In the second of our posts relating to Lumen, we are focusing, with the help of the CTS booklet, on history and time. It may seem like an odd or remote subject, but from the understanding of it, comes almost everything else.
Of course, Catholicism was not the first religion to propose a linear time line. Thanks to the Jewish faith, an understanding that God was, before history, already existed.
“In the beginning God created the heavens and the earth. Now the earth was a formless void, there was darkness over the deep, and God’s spirit hovered over the water.” (Genesis 1:1-2)
The Greeks too, had given us what we now call ‘History’ through the likes of Herodotus and others, so why has the Church been so important?
Lumen’s writers offer this explanation:
“The Incarnation has shaped our understanding of time on the cosmic scale. Many ancient societies regarded time as cyclical, repeating eternally like the cycles of the stars. From this fatalistic perspective, “there is nothing new under the sun” (Eccl. 1:10). By contrast, as Fr Stanley Jaki (d. 2009) has argued, the Incarnation breaks this dreary circle, and time is now being ‘folded in’ towards a conclusion.”
Holiness takes time
They go on:
“The faith holds that holiness consists in friendship with God. Friendship, however, is usually cultivated over time and the literary genre most suitable for knowing a person (as opposed to a set of instructions) is the narrative genre, as in the Gospels. Hence Christians have had a strong sense of the importance of narrative history from apostolic times.”
Remembering God’s work
Clearly, it has also taken time for the Church to understand her faith and to develop an tools for comprehending history. Think, for example, of the questions that must have been asked when they realised that Christ’s second coming was not imminent, as many had thought.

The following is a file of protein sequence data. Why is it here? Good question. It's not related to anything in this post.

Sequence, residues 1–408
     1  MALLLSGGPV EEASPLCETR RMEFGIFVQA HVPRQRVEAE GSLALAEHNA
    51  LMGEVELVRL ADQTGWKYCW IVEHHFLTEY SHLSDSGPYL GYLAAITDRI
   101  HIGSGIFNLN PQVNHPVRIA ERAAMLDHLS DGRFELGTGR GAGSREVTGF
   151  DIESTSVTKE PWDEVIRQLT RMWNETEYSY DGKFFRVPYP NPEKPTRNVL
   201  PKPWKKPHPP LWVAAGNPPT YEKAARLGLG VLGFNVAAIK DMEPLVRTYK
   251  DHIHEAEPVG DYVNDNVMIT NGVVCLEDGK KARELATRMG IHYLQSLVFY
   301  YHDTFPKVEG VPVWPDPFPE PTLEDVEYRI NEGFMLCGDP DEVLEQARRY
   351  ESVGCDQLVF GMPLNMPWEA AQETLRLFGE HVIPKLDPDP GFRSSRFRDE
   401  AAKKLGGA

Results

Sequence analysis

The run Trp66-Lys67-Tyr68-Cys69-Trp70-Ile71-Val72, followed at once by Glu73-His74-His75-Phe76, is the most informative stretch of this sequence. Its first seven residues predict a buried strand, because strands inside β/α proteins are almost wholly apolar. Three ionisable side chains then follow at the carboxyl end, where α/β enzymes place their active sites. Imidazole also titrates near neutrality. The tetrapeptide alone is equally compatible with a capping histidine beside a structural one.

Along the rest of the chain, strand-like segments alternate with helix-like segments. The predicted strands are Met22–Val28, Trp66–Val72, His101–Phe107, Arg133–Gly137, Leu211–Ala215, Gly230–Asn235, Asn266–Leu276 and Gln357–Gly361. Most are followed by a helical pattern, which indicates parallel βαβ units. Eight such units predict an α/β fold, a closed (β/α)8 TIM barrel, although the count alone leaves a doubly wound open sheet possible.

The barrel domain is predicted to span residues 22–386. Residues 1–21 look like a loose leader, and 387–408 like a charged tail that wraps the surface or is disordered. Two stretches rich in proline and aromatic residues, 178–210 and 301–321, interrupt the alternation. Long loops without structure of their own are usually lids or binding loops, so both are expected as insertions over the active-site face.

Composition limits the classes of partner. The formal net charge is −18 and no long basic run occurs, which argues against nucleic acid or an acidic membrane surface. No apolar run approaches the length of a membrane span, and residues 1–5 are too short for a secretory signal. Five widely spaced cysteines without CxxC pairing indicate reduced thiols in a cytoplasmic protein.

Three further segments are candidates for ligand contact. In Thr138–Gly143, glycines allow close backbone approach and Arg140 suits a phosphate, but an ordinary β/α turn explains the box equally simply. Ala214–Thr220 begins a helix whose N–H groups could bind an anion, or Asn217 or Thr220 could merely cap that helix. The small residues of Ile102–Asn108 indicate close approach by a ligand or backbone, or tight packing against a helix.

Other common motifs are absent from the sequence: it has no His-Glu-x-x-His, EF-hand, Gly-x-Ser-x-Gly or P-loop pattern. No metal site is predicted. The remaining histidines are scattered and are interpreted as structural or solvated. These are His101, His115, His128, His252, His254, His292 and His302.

But it is obvious that keeping a record of the grace of God was in the mindset of the first Christians.
“In c. 180 AD, St Irenaeus listed the bishops of Rome in unbroken succession from the time of Peter and Paul.
“Eusebius of Ceasarea (d. 339), the ‘Father of Church History’, used a narrative genre for his Ecclesiastical History. He also established the popularity of the chronicle.”
There were many others, including St Bede, who is called the ‘Father of English history.’
But here is, perhaps the most famous contribution of all:
“The Gregorian Calendar (1582), named after Pope Gregory XIII and now the principal calendar of the world. The faith has also provided a central, fixed reference point for time, dividing history into BC (before Christ) and AD (in the year of the Lord).”
Extracts taken from LUMEN -The Catholic Gift to Civilisation by Fr Andrew Pinsent, Fr Marcus Holden
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